Brazil: A Tough Week in a Tough Year

Well, here we are two months into 2015 and past carnaval but still seem to be waiting for things to engage and get going, at least in Brazil.

In the meantime, we have had another mass murder in the US, more kidnappings and killings by the so-called Islamists in the Middle East. Strife and death continue in the undeclared war between Russia and the Ukraine. Boku Haram has failed to release any of the kidnapped girls and, in fact, have been involved in further atrocities. East Africa, especially Kenya, Somalia and Sudan suffer under threat from self-serving pseudo religious groups. Europeans suffer from the stagnant economy, the problems of Greece, (not to mention Italy, Portugal, Spain) and the aftermath of the Charlie Hebdo attack. Unresolved political assassination of prosecutor Nissman in Argentina and the killing of Russian opposition leader Nemtsov are ominous signs and hopefully will not find imitation in Brazil.

So the general impression is that the world is going to hell in a hand basket and indeed, I have Christian fundamentalist friends who sincerely believe we are in the last days before the Second Coming. Probably, more than a few of Brazil’s “evangelicos” believe the same.

In the midst of all of this, one of my favorite news magazines, The Economist, puts Brazil on its cover with title of “Economic Quagmire”. Typically, this might be a good indicator as traditionally when the Economist predicts, the opposite occurs. The problem is that Brazil has recently appeared on two covers: one with the Christ of Corcovado taking off like a rocket and then the second with the same figure crashing out of control. But before we get too excited, I should point out that Brazil did not make the cover of the US edition where we have instead the “Planet of Cell Phones” with Brazil relegated to page 63. So the conclusion might be: there is only marginal relevance for the events in the world’s 7th largest economy given the larger on-going crises worldwide.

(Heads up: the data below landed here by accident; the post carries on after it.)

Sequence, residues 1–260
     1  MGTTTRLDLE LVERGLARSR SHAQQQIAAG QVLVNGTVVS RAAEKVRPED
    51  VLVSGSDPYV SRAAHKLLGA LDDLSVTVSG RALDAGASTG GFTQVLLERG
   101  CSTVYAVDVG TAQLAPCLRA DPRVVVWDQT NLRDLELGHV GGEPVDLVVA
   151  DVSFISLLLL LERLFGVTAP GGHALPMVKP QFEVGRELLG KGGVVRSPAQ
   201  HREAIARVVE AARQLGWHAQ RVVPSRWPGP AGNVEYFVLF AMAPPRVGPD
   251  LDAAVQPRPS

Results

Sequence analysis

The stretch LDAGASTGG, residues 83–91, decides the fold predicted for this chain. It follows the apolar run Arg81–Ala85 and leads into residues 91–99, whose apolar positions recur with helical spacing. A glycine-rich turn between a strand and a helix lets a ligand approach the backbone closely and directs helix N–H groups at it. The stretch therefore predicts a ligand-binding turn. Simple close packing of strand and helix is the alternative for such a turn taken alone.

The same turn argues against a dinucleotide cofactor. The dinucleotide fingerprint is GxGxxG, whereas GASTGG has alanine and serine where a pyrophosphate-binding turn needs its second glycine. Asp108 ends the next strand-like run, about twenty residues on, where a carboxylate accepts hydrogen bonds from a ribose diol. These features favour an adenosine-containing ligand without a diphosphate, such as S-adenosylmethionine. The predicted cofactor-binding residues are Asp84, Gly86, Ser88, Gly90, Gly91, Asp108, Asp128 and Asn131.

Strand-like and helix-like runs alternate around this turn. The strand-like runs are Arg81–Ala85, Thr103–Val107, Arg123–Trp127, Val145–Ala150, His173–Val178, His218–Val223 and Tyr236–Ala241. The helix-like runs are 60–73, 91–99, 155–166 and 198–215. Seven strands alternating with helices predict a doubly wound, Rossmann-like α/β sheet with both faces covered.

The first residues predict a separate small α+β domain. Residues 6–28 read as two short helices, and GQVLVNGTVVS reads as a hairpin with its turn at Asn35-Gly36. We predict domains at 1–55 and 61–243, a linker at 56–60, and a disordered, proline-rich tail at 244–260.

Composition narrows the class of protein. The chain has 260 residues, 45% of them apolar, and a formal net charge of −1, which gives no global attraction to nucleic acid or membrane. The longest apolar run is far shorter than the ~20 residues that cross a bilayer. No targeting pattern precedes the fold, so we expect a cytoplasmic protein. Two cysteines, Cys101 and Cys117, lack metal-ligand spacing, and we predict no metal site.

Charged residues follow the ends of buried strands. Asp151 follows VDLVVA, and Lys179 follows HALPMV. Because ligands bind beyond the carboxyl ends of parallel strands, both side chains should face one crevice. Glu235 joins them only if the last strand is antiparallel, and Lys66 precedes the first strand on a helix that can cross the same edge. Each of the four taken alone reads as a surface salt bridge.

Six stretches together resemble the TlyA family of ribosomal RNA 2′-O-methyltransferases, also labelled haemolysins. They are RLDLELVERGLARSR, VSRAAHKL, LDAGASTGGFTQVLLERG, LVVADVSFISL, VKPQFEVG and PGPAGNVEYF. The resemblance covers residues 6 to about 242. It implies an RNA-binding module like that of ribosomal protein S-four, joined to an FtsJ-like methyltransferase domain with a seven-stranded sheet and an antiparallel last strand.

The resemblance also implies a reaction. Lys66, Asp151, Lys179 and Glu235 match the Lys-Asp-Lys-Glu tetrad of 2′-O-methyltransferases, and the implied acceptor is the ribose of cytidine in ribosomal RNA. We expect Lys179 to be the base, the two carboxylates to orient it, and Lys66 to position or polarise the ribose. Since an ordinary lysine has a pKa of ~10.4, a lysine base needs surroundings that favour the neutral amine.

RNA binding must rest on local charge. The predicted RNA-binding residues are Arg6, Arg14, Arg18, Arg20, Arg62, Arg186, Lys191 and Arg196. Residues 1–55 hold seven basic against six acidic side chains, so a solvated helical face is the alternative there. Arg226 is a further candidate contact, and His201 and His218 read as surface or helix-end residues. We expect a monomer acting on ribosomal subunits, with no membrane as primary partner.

Hopefully, benign neglect and rain to end the drought might get Brazil through March with no political deaths and the political institutions still functioning. One problem is the fact that the “aguas de Março” have, in the past, had dire implications. March of 1964 was the month that brought the military dictatorship and March this year has started with intensified cries for Dilma’s impeachment and, of course, the PT sees such clamor as a direct threat of another coup d’état. The reasons Dilma is wearing a tight skirt are numerous and mostly self-inflicted. Since the election, she has shown weak leadership and perhaps embarrassment in having to do all the things that she promised not to do. The list is long but well known and includes her inaction regarding the Petrobras corruption scandal, the weakening of guarantees for the working class, tax increases, less spending on education and social programs, higher interest rates and higher inflation. More importantly, she has failed to bring Congress to heel and has seemingly lost her political base. She appeared totally caught off guard by the recent trucker’s strike and instead of leading has only produced a few self congratulatory propaganda videos that hark back to pre-election themes but resolve none of the problems.

Ideally, Brazil needs a pact to preserve the institutions and a political basis for taking the measures of fiscal restraint to stop the slide. Lula getting together with Fernando Henrique Cardoso seems a bridge too far. The animosity between Aecio and Dilma is also insurmountable.   Luis Carlos Bresser Pereira, a former minister in FHC’s government but a supporter of Dilma in the last election also proposes such a pact, however, sees that “hate” has replaced cordiality and that Brazil’s financial elite will not bow. So pessimism reigns.

While there must be concern, I am hopeful that the demonstrations planned for mid March will release some of the political steam and buy some time so that the immediate problems of interest and inflation can be addressed. Second, if this happens, perhaps Dilma and PT leaders such as Jacques Wagner can assert themselves in finding a path that can avoid disaster and eventually result in rebuilding a coalition with a project for balancing social and economic development.

2 comments on “Brazil: A Tough Week in a Tough Year

  1. Good article, Steve Scheibe. I appreciate your summary of current situation in the world and Brazil.You seem to always sympathize with Brazil no matter what. You have hopes there and I envy you. The wounds of the world are basically of two types: self inflicted by the governments and those imposed by crazy individuals and groups, which nobody can predict where it is going to blow. Brazil suffers from crazy individuals inside and outside the government. The violence is ever present on the streets and the fear is universal there. So I do not see much difference between Brazil and the rest of the world. We have there a good dose of everything evil even if Brazil is strategically situated outside the global mess.


  2. Mr. T says:

    “The government of PT destroyed Brazil economically, educationally and moral.” This phrase summarizes the actual situation in Brazil.


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